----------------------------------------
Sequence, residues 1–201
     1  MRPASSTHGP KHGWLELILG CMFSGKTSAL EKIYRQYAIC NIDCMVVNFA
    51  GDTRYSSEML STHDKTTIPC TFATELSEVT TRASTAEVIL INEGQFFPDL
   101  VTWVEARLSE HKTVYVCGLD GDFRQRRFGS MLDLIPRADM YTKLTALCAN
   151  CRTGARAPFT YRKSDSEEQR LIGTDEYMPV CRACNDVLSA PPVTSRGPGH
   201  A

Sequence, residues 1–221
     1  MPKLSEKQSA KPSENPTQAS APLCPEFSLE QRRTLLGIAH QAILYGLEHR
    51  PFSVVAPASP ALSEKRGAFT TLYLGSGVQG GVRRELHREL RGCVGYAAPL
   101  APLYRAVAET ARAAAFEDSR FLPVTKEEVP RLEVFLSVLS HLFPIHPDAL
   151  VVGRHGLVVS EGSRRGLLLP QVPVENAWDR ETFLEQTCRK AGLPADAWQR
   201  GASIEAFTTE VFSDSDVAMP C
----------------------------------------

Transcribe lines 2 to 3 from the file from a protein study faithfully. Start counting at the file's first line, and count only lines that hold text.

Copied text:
     1  MRPASSTHGP KHGWLELILG CMFSGKTSAL EKIYRQYAIC NIDCMVVNFA
    51  GDTRYSSEML STHDKTTIPC TFATELSEVT TRASTAEVIL INEGQFFPDL